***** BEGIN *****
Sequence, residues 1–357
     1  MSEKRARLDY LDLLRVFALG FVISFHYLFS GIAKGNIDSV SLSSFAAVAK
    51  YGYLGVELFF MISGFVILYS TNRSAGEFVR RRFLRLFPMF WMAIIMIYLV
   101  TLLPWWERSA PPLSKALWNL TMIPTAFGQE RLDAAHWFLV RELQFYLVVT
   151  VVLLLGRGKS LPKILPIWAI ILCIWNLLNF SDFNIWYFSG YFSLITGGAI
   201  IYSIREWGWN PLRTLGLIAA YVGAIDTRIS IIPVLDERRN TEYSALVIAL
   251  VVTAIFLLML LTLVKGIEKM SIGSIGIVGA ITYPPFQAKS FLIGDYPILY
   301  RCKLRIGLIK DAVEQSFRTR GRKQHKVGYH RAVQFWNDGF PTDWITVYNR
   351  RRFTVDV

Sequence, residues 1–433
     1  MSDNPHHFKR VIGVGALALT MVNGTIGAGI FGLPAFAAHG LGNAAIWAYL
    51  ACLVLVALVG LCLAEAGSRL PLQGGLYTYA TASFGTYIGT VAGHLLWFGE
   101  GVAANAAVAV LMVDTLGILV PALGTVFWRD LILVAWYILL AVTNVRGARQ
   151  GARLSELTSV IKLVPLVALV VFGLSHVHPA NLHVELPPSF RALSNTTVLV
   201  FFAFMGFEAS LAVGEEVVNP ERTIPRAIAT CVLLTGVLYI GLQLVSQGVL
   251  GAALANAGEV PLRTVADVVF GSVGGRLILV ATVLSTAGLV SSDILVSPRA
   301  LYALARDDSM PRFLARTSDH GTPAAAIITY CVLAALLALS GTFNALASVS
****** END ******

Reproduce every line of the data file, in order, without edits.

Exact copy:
Sequence, residues 1–357
     1  MSEKRARLDY LDLLRVFALG FVISFHYLFS GIAKGNIDSV SLSSFAAVAK
    51  YGYLGVELFF MISGFVILYS TNRSAGEFVR RRFLRLFPMF WMAIIMIYLV
   101  TLLPWWERSA PPLSKALWNL TMIPTAFGQE RLDAAHWFLV RELQFYLVVT
   151  VVLLLGRGKS LPKILPIWAI ILCIWNLLNF SDFNIWYFSG YFSLITGGAI
   201  IYSIREWGWN PLRTLGLIAA YVGAIDTRIS IIPVLDERRN TEYSALVIAL
   251  VVTAIFLLML LTLVKGIEKM SIGSIGIVGA ITYPPFQAKS FLIGDYPILY
   301  RCKLRIGLIK DAVEQSFRTR GRKQHKVGYH RAVQFWNDGF PTDWITVYNR
   351  RRFTVDV

Sequence, residues 1–433
     1  MSDNPHHFKR VIGVGALALT MVNGTIGAGI FGLPAFAAHG LGNAAIWAYL
    51  ACLVLVALVG LCLAEAGSRL PLQGGLYTYA TASFGTYIGT VAGHLLWFGE
   101  GVAANAAVAV LMVDTLGILV PALGTVFWRD LILVAWYILL AVTNVRGARQ
   151  GARLSELTSV IKLVPLVALV VFGLSHVHPA NLHVELPPSF RALSNTTVLV
   201  FFAFMGFEAS LAVGEEVVNP ERTIPRAIAT CVLLTGVLYI GLQLVSQGVL
   251  GAALANAGEV PLRTVADVVF GSVGGRLILV ATVLSTAGLV SSDILVSPRA
   301  LYALARDDSM PRFLARTSDH GTPAAAIITY CVLAALLALS GTFNALASVS